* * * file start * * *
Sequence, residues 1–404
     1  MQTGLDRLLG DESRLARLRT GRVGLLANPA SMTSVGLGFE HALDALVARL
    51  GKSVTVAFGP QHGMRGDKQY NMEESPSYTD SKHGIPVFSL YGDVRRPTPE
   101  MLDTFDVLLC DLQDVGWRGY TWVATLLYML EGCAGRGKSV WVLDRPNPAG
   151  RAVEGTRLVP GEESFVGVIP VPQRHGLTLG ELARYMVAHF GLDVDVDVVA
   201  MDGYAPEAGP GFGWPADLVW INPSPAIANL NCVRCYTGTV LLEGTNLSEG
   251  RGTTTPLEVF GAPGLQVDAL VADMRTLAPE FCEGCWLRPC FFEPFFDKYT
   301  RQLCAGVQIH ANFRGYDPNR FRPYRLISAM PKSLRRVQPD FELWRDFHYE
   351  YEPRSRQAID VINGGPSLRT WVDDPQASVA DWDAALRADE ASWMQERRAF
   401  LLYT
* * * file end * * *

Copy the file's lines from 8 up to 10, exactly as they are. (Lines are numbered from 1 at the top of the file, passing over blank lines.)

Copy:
   301  RQLCAGVQIH ANFRGYDPNR FRPYRLISAM PKSLRRVQPD FELWRDFHYE
   351  YEPRSRQAID VINGGPSLRT WVDDPQASVA DWDAALRADE ASWMQERRAF
   401  LLYT